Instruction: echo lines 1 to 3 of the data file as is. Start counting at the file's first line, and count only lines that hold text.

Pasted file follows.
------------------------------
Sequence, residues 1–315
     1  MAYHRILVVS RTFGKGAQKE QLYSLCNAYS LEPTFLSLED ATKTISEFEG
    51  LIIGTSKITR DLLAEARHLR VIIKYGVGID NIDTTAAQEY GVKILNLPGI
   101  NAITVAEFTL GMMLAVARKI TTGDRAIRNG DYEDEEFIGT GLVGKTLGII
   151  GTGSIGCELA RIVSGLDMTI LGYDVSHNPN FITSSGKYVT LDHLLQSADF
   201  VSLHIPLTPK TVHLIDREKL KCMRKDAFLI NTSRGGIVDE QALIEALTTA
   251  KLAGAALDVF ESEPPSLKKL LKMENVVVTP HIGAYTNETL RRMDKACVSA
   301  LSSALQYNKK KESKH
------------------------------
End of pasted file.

Sequence, residues 1–315
     1  MAYHRILVVS RTFGKGAQKE QLYSLCNAYS LEPTFLSLED ATKTISEFEG
    51  LIIGTSKITR DLLAEARHLR VIIKYGVGID NIDTTAAQEY GVKILNLPGI